Serpico  (1973)

     The true story of New York Polce Officer Frank Serpico (Al Pacino) who blew the whistle on the culture of police corruption in the 1960s and 70s. Serpico's courage led to the Knapp Commission Hearings in 1971, and a series of  police reforms. Based on the nonfiction book of the same title by Peter Maas.

Ronin  (1998)

     An international crime thriller set in France about former special forces operatives and intelligent agents (Robert De Niro et. al.) whose mission involves stealing a mysterious package from a heavily guarded convoy. Some great car chase scenes.

Casino (1995)

     A Martin Scorsese film about the real life Las Vegas casino manager Frank Rosenthal (Robert De Niro) who ran three casinos in the 1970s and 80s. A gripping and vivid adaptation of Nicholas Pileggi's book of the same title, the film depicts Las Vegas during its gangster era. The movie also stars Sharon Stone as De Niro's out-of-control wife. Also starring Joe Pesci as an out-of-control gangster who, like De Niro, comes to a bad end. Both men had outlived their time as Las Vegas moved out of its gangster era.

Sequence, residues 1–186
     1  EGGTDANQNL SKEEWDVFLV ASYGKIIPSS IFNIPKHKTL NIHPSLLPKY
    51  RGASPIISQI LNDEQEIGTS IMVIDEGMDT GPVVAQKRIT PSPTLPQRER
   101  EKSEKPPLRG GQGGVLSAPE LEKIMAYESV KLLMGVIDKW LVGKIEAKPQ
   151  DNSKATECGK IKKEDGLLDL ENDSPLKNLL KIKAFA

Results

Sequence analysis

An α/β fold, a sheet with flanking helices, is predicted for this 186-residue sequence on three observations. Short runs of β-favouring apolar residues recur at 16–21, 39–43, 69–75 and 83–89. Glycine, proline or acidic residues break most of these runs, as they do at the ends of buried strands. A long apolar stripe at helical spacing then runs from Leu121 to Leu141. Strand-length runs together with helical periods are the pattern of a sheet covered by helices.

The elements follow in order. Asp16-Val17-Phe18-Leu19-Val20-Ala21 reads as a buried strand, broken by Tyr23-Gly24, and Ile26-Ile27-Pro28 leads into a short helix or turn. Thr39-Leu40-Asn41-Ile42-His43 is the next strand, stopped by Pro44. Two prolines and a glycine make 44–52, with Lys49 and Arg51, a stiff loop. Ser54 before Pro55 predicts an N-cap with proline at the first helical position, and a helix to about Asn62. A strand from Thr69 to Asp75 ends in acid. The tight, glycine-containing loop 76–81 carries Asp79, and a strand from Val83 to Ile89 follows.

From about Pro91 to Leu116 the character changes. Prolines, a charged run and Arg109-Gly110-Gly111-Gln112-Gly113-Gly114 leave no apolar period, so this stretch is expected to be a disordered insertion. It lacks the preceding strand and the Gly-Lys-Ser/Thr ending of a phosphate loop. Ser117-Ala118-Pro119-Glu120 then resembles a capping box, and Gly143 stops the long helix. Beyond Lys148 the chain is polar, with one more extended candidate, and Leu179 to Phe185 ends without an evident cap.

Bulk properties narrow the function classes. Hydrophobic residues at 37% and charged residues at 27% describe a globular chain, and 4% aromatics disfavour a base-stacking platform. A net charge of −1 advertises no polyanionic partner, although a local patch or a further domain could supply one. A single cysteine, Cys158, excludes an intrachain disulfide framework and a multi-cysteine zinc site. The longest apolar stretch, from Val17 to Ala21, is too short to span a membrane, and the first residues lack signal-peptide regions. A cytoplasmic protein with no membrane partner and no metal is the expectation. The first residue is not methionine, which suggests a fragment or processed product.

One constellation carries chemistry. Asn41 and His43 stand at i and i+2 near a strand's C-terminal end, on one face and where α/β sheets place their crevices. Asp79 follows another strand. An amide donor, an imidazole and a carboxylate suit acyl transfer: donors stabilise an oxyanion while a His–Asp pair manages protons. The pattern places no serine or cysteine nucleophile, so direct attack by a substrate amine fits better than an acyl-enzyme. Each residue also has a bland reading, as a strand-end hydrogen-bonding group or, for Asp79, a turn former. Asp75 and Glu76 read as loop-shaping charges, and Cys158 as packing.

Monday, February 27, 2017

The Christie Lynn Mullins Murder Case

     Christie Lynn Mullins resided with her parents on a residential street on the north side of Columbus, the central Ohio capital of the state. At one-thirty in the afternoon of Saturday, August 23, 1975, the 14-year-old and her girlfriend of the same age were walking to the Woolco Department Store located in the Graceland Shopping Center a few blocks from their homes.